The Fountain Lobby

The Fountain Lobby

Tea

I come back to my room and have a brief lay down before having a revitalising shower and into costume.  When I get back to the lobby the guests have arrived and do not seem to have been put off by the weather.  Everyone is in good Christmas spirits.

In a room such as this there is no stage where I can perform from.  The lobby is big and the fountain in the centre would get in the way, so I have to do to do the show on the move, moving around the room constantly, making sure that everyone gets a bit of it. I call it my ‘Lighthouse Show’: the story sweeping round the entire room catching each corner in its broad beam.

The advantage of moving among the tables is that I can involve people in the show to a much greater extent than usual and I spend the time before it is time to start, picking on suitable ‘victims’.  A kindly older gent with a glint in his eye will be Scrooge.  On the other side of the room is a candidate for Fezziwig.  A young couple sat together are perfect for young Scrooge and his fiancé Belle, and so it goes on.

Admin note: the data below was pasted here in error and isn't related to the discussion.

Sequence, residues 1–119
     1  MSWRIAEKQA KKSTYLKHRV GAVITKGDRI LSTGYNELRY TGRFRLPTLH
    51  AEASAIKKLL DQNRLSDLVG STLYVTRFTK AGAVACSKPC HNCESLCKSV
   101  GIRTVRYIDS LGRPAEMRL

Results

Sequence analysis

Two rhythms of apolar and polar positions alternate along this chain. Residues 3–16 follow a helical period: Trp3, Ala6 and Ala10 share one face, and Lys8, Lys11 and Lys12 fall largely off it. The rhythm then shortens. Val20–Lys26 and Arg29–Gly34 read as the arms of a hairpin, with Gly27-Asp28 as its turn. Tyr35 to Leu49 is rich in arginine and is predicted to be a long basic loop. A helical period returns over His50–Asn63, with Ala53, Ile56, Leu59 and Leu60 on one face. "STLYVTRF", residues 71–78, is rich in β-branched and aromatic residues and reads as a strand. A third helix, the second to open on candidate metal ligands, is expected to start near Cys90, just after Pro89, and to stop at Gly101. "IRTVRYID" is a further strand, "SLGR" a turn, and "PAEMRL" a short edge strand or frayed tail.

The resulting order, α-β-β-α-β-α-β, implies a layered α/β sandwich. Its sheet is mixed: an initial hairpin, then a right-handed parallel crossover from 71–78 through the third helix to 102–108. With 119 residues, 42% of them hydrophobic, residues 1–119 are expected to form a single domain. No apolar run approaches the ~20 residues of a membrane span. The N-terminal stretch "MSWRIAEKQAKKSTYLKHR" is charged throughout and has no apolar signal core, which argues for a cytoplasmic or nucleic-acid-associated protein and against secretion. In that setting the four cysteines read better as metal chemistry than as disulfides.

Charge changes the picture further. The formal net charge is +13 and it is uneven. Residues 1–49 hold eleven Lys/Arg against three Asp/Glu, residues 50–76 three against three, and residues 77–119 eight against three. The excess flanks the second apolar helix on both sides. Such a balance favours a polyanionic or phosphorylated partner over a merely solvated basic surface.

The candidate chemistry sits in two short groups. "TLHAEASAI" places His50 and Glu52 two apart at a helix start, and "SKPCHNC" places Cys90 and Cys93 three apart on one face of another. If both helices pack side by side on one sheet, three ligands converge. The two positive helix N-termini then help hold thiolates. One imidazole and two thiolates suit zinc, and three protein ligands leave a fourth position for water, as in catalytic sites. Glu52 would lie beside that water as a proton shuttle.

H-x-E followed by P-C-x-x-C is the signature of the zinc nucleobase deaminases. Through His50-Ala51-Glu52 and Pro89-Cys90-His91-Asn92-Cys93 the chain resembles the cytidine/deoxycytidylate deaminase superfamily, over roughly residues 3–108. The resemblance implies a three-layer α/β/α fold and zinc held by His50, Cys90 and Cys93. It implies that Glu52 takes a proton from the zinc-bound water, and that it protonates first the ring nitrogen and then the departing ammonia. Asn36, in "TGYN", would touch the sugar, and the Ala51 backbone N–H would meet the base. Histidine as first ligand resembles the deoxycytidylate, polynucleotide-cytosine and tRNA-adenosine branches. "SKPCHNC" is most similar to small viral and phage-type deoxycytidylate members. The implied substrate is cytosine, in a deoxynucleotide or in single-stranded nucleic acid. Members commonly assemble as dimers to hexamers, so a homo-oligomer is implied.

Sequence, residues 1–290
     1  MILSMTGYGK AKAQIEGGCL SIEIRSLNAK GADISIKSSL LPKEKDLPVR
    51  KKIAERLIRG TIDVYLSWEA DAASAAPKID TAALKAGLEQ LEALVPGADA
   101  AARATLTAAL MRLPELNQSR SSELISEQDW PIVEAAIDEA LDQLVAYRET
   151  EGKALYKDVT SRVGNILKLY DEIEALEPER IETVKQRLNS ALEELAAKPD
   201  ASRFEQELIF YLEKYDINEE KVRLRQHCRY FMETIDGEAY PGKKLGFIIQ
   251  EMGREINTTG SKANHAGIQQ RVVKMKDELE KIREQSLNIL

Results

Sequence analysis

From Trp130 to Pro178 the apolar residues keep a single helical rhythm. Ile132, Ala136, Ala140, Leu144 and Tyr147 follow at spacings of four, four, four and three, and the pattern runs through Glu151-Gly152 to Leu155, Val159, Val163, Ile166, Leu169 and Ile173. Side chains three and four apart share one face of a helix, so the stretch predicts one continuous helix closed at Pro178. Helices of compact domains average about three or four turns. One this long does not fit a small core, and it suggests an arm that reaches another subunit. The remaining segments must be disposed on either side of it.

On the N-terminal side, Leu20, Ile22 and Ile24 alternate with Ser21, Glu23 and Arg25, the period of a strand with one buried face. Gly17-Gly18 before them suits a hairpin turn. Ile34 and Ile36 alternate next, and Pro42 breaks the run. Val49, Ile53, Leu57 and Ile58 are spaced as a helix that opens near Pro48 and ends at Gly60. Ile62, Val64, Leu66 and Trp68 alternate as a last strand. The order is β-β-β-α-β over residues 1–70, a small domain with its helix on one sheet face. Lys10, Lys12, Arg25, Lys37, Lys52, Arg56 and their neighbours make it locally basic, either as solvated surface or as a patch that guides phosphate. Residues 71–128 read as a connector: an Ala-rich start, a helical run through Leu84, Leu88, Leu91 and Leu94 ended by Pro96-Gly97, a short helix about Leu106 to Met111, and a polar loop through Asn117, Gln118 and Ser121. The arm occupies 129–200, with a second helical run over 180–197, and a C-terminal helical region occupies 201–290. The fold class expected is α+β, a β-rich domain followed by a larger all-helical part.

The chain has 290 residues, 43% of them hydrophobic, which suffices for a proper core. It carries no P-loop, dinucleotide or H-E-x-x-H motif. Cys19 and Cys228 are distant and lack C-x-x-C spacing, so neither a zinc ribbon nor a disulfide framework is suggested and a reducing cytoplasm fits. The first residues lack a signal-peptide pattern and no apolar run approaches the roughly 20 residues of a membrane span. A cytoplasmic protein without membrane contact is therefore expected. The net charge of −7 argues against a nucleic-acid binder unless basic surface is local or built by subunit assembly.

Sara, the banquet captain for this afternoon’s event keeps me updated on the service and at about 3.45, when the final plates with cakes (all chocolate covered, of course), are laid and the tea cups refreshed for the final time, it is time for me to start.

Unfortunately there is no one to make an introduction so I walk into the centre of the room and introduce myself.

The show here has to be slightly shorter than the standard, so once again I am trying to remember which bits to edit and which to leave out all together.  While I am doing that I am also trying to be aware of where I am in the room, so as not to leave anyone feeling short changed.  By the end of the show  it is not just me spinning around the room, but my head is too.